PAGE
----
Sport AFL AFL Finals 2017: How Geelong have been dudded by the AFL
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AFL Finals 2017: How Geelong have been dudded by the AFL

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Geelong were disadvantaged last week against Richmond. Photo: Getty
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Geelong is one of the two most successful AFL clubs of the past decade.

The Cats won three flags in five years from 2007 to 2011, and have since finished second on the ladder at the end of the home-and-away season three further times.

However, regular-season success hasn’t translated to finals success in the six years since their last premiership.

Geelong’s finals record – heading into Friday night’s must-win showdown with the Sydney Swans – is just two wins and seven losses, from 2012 onward.

A key factor is that, after fighting for 23 rounds to finish as high on the ladder as possible – theoretically to gain some advantage heading into the finals – Geelong is forced to give up its most significant advantage: playing at its home ground.

Simonds Stadium has been developed into a fortress by the players and into a first-class sporting and entertainment venue by the powerbrokers.

Yet, of the eight home finals the club has earned since 2012, only one has been played in Geelong.

How is it that the Cats are handicapped in their efforts to make the AFL Grand Final in a way no other team in the competition is?

And how is it that they can not only be forced to play away, but at the home ground of a team that finished below them, as happened in last week’s qualifying final against Richmond?

“I reckon Geelong has been shafted since the 90s, finals-wise,” former Cats champion Peter Riccardi told The New Daily.

“In 1997, we finished second, but played North Melbourne (who finished seventh) at the MCG, and because we lost that we had to play Adelaide (who finished fourth) in Adelaide.”

Riccardi, a veteran of 288 games between 1992 and 2006, thinks the AFL does treat Geelong differently.

“We’re [seen as] just an extension of Melbourne, aren’t we?”

He said it was understandable if the AFL announced that it wanted to maximise finals attendances and revenue, but then that should apply across the board.

“If GWS finishes on top of Geelong, Geelong’s got to go to Spotless Stadium, [but] they’d get twice as many at the MCG,” he said.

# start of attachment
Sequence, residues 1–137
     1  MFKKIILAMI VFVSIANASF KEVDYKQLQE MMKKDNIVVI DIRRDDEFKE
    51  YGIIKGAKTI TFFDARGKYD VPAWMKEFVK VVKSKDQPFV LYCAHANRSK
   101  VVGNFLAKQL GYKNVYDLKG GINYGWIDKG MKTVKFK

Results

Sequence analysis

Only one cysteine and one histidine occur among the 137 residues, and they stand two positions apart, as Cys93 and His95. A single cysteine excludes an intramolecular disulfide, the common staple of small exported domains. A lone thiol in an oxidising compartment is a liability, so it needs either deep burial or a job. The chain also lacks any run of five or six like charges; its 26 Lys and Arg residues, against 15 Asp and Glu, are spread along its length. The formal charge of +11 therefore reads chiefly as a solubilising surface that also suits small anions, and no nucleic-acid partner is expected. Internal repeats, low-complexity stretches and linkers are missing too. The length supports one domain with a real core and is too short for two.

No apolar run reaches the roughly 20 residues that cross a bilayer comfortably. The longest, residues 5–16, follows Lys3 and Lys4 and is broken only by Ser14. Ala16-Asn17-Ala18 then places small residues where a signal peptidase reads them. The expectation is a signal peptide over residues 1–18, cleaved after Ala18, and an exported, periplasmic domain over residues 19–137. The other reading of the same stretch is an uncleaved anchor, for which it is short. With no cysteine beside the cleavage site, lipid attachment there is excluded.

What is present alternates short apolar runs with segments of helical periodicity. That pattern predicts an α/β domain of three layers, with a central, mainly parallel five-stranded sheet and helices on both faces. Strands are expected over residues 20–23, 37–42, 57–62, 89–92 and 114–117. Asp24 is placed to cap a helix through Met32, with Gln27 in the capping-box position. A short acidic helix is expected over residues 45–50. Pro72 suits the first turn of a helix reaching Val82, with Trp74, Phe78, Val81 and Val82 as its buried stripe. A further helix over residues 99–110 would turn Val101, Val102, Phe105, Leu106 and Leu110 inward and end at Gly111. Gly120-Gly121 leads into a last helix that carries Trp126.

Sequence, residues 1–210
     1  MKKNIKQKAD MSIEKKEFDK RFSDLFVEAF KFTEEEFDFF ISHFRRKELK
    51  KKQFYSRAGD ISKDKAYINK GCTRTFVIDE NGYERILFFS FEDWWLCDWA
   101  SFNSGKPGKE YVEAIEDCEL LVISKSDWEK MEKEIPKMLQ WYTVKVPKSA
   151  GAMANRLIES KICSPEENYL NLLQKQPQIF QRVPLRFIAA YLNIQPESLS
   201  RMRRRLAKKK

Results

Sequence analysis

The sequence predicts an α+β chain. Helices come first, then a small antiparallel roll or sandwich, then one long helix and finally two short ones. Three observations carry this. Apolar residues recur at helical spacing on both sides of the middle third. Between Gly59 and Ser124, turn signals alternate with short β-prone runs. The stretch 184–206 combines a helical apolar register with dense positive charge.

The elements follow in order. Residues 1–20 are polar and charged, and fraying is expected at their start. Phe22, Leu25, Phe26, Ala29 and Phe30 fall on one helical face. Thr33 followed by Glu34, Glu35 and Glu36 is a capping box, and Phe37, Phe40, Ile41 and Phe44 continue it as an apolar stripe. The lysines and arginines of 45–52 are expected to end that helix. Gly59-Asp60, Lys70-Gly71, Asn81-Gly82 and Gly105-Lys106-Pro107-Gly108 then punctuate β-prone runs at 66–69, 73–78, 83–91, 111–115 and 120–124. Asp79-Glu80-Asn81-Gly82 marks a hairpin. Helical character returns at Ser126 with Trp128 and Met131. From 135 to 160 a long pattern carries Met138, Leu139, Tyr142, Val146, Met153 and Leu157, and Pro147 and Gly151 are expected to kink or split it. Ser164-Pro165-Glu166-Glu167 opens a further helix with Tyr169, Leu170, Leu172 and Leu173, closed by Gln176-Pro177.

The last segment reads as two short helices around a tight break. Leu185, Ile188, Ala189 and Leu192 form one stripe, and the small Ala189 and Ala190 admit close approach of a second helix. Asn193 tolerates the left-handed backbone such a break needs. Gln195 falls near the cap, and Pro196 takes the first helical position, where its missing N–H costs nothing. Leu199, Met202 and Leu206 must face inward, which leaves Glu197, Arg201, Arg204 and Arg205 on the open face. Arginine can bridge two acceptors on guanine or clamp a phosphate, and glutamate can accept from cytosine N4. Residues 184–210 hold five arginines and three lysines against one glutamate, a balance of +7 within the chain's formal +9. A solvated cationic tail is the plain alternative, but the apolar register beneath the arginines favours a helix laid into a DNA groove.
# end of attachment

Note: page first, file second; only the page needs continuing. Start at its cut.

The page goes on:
“GWS playing West Coast: you play that game over in Perth they’d get capacity.”

The Eagles’ home ground, Domain Stadium, holds more than 43,000 people, well above the 24,000-person capacity of the Giants’ home venue, Spotless Stadium.

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Geelong has won 74 of its past 82 matches at Simonds Stadium. Photo: Getty

“You open up a can of worms saying the only way Geelong’s going to get a home final is if they play the Giants,” he said.

“It shouldn’t matter – if you deserve a home final, you deserve a home final.”

Even if you accept that playing Richmond at the MCG was somehow acceptable, given that 60,000 more fans got to see the game, does that argument still hold water against an interstate team?

“They might get 45,000 people at the MCG this week,” Riccardi said of the Geelong-Sydney semi-final.

“Is it that big a discrepancy [from 34,000, the capacity at Simonds Stadium]?”

From the players’ perspective, Riccardi says they want to play as many games at Simonds Stadium as they can.

“We’ll play finals anywhere, but deep down you know we’re a five-goal better side at Simonds Stadium and we play this ground better than anyone,” he said.

Geelong spent $90 million on stage four of the Simonds Stadium project, completed earlier this year.

It can’t do any more than create one of the premier venues in the competition and win more home-and-away matches than its opposition.

If it is then denied the opportunity to play at that ground for the football club’s biggest matches, there’s only one way to look at it.

Geelong is getting shafted.

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